Monday, March 17, 2008

Drugs and weight loss

Generally speaking, drugs are of limited value in the treatment of obesity and should be used with great care (preferably under medical supervision) because of the possibility of dependence and abuse. The most commonly used are the `anorexigenic' drugs which work by suppressing appetite. However, their effect is only temporary and they do nothing to encourage changes in the eating habits which caused the problem in the first place. Also, an ever-increasing dosage is needed for sustained weight loss.

Side effects of these drugs include insomnia, excitability, dryness of the mouth, gastro-intestinal disturbances and addiction. Anorectics increase short-term weight loss but interestingly, follow-up indicates that patients treated with drugs lose less weight in the long term.

Diet Start

There are many other drugs which have received attention in the treatment of obesity. For example:

  • thyroid hormone, which increases energy use. Unfortunately, both fat and protein losses occur when this drug is used. Also, the results of thyroid medication seem to be no better than those achieved with a balanced diet alone - and negative side effects involving the heart have been reported.
  • growth hormone, which decreases fat stores without causing protein losses. This hormone, however, is in short supply and is not generally used in the treatment of obesity.
  • human chorionic gonadotrophin (HCG), which is injected and used along with a very low calorie (500 cal/2 100 kJ) diet. It is claimed that this hormone melts away fat and reduces hunger. However, no scientific proof for these claims has been found.
  • drugs which interfere with the absorption of carbohydrates and fats. This implies that one can eat as much as you like without getting fat, because all the energy is not absorbed. More research is needed on these drugs to evaluate their long-term efficacy in humans.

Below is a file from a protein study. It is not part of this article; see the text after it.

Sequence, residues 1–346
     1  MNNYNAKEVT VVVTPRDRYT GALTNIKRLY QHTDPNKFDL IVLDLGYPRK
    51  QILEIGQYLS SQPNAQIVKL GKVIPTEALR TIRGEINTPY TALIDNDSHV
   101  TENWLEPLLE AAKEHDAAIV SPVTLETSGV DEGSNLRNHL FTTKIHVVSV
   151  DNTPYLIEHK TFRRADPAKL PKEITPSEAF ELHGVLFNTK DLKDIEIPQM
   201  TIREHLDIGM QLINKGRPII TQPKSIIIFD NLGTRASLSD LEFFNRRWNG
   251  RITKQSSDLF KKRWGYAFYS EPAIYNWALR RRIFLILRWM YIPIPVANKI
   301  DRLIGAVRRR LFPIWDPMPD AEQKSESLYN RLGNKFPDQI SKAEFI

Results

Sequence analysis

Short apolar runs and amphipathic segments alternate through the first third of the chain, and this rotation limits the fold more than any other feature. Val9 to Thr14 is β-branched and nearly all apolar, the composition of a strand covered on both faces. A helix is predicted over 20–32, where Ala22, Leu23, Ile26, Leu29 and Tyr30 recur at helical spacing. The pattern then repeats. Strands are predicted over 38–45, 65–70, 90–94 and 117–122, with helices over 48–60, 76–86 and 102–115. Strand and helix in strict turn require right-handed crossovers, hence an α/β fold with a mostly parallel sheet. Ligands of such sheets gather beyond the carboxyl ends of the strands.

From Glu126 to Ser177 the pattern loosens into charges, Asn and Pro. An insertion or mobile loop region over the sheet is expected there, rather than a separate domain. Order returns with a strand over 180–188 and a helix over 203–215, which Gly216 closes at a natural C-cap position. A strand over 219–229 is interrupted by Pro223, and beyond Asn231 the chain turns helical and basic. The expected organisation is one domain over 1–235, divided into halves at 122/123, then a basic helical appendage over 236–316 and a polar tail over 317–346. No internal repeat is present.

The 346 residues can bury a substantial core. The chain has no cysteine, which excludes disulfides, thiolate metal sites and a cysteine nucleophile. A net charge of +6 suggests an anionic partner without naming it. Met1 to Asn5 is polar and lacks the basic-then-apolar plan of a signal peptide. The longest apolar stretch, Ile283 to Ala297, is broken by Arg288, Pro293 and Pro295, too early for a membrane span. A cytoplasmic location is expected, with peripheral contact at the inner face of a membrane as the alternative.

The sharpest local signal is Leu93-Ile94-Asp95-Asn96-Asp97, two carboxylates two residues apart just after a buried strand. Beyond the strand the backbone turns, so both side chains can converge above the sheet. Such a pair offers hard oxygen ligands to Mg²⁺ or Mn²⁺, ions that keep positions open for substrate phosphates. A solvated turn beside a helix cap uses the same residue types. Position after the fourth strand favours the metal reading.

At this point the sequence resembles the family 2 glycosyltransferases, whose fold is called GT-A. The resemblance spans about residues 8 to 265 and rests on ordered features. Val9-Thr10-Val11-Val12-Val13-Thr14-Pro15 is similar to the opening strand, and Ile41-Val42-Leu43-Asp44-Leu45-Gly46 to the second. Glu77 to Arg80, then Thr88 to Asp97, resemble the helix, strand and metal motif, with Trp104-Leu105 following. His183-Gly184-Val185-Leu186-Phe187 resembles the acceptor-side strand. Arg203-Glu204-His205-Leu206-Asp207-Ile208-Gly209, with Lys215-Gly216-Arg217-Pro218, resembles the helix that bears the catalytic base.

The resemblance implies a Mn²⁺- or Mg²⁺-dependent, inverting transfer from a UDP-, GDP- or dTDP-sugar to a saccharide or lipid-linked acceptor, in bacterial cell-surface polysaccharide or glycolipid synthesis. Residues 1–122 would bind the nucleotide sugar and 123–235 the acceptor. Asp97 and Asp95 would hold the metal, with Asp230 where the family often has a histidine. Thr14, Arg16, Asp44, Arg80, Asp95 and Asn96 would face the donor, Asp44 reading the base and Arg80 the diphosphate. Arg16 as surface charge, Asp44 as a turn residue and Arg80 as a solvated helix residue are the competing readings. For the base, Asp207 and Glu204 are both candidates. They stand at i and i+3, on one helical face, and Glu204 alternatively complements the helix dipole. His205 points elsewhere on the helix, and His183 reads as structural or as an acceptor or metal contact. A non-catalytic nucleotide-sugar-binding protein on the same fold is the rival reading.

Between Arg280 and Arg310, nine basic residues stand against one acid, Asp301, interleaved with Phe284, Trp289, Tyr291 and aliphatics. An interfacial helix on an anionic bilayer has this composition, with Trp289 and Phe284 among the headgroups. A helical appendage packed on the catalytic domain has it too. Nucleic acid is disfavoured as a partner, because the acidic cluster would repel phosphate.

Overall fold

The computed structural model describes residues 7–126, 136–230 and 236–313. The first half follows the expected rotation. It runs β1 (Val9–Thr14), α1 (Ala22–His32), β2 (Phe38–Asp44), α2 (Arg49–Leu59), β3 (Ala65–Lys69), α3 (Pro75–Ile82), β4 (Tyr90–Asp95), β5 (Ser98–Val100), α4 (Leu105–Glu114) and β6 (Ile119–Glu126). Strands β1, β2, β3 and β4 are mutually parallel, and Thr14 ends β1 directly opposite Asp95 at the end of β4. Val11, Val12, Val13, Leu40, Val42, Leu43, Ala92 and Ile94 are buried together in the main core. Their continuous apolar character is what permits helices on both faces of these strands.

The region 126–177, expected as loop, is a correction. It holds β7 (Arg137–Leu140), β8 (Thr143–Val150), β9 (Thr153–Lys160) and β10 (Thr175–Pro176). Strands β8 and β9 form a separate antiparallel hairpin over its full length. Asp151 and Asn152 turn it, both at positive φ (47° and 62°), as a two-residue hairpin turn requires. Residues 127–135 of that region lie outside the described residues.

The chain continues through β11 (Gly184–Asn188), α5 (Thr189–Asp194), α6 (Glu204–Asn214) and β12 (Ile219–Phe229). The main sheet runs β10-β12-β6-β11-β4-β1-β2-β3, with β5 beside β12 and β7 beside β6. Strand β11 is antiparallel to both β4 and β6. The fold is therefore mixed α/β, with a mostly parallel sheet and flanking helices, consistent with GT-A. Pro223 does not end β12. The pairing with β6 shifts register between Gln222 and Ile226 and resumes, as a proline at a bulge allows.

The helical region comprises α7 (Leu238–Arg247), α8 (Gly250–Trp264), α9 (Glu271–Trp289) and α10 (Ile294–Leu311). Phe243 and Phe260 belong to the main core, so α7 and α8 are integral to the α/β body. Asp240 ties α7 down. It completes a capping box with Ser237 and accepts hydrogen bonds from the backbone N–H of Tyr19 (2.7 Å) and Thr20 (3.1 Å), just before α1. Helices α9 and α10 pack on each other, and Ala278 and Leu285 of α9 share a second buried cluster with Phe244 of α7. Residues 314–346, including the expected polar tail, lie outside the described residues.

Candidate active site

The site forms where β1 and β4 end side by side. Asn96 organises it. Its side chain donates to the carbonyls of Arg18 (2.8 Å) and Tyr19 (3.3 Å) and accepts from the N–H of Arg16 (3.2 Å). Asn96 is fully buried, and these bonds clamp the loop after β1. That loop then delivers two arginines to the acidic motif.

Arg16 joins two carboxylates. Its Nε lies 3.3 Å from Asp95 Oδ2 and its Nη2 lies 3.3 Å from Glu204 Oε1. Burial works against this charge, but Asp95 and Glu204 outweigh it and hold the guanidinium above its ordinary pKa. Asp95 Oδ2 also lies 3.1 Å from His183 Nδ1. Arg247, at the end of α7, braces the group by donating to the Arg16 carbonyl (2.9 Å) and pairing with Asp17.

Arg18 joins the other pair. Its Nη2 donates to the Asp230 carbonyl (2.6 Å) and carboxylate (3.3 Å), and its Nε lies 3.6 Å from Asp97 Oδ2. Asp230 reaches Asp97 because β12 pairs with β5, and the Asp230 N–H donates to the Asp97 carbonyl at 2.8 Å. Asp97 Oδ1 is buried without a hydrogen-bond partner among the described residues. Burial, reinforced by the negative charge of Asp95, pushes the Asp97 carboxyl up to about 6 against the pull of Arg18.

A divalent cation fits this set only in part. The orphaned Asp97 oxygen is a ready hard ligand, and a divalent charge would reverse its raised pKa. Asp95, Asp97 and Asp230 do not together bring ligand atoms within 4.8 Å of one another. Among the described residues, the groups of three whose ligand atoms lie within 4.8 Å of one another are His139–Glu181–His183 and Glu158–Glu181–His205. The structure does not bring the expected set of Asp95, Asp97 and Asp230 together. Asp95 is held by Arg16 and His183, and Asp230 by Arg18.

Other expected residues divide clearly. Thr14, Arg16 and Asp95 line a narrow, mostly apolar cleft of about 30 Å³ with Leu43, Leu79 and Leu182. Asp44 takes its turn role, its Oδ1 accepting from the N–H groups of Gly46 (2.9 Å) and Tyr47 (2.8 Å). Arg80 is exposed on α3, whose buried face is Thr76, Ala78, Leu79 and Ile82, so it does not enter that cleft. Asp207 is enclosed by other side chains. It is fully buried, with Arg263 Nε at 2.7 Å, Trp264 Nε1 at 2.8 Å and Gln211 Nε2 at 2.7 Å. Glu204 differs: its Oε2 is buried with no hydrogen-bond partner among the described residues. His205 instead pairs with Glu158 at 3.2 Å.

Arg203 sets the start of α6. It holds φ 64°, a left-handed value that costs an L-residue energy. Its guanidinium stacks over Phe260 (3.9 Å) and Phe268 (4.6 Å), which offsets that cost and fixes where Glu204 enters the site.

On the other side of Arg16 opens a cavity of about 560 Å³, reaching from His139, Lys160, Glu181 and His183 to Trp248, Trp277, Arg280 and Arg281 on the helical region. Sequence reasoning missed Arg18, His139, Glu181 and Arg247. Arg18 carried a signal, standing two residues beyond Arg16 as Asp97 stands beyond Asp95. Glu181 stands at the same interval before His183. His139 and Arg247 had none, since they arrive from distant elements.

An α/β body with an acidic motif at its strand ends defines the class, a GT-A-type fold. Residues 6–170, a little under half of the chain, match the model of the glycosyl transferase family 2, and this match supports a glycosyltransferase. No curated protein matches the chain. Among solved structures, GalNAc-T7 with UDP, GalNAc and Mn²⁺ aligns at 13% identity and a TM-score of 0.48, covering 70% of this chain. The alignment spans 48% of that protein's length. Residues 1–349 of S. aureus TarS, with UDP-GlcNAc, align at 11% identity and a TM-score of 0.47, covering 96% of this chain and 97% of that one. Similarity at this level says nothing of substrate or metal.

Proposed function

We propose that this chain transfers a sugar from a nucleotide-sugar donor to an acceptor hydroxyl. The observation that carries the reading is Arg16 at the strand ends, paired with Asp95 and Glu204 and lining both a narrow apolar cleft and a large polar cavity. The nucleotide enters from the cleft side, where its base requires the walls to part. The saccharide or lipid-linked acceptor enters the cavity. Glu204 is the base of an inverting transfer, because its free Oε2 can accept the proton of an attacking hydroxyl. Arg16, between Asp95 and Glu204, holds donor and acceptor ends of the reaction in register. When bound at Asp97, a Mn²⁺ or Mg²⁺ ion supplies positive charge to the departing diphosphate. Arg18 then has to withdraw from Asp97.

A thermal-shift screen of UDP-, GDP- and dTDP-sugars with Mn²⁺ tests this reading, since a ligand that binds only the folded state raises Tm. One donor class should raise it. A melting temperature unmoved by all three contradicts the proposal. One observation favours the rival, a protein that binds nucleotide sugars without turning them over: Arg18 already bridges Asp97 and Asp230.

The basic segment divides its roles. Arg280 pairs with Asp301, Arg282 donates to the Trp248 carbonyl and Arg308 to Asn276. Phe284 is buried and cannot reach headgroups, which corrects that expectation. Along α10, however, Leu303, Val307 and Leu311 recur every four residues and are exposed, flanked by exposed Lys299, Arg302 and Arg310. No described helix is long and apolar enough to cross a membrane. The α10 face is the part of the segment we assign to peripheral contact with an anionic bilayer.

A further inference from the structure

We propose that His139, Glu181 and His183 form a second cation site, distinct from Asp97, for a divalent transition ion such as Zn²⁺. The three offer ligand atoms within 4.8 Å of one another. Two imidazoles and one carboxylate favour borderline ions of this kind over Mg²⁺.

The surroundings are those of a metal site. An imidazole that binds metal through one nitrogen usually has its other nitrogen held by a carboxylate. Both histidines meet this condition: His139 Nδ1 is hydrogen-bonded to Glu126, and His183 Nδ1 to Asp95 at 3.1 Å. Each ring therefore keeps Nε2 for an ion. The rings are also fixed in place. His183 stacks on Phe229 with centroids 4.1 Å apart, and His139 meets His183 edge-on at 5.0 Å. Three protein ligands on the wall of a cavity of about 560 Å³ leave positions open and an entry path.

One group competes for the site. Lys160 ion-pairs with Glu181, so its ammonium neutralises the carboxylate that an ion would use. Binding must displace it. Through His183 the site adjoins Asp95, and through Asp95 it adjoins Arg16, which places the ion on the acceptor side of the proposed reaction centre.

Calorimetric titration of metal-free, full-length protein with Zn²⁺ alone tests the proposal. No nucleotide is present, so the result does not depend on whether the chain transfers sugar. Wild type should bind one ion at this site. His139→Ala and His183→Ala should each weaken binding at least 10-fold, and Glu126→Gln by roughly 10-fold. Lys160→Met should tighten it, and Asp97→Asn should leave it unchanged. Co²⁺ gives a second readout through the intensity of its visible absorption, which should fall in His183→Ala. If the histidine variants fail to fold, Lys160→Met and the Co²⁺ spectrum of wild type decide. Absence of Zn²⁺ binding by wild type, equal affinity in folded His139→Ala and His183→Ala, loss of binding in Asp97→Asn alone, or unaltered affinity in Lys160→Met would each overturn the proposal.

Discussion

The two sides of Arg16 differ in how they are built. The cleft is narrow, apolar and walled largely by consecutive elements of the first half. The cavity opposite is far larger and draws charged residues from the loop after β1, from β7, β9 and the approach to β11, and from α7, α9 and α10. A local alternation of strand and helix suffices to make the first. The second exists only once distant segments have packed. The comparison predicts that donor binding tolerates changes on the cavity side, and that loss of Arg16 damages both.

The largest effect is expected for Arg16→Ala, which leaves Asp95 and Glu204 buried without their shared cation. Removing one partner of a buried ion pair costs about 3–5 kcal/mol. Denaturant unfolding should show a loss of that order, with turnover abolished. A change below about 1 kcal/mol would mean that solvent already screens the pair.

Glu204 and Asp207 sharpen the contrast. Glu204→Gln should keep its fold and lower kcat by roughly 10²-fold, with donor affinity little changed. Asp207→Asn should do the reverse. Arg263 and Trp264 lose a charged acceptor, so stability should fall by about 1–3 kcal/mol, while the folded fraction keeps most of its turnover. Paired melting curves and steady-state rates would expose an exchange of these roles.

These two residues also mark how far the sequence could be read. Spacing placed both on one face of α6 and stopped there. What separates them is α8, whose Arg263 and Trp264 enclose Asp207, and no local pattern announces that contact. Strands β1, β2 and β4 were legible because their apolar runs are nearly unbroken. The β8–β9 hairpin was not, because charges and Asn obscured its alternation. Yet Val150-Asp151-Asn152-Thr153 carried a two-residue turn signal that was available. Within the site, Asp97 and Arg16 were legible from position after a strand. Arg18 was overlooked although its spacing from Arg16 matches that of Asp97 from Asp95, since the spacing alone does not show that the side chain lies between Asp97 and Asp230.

• bulking agents, which are intended to fill the stomach with indigestible material in the hope that the resulting feeling of fullness will make the obese person eat less. (Research indicates that this method is not very effective and that it causes flatulence.)

Perhaps the most important point to remember regarding the use of drugs in combatting overweight is that, while they may aid the slimming process, they do not solve the underlying problem and will therefore never be effective as a sole treatment for obesity.

The surgeon's knife

Surgical treatment of obesity is usually the last resort and is generally only used on the excessively obese person when all other method have failed. Surgical procedures used include small bowel bypass and/ or stapling of the stomach, biliopancreatic bypass and jaw wiring. The chances of success are small unless the patient is highly motivated and prepared to follow a very strict diet. Also, these techniques involve considerable risk and could result in the development of other health problems as side effects.

... andjoyohoxing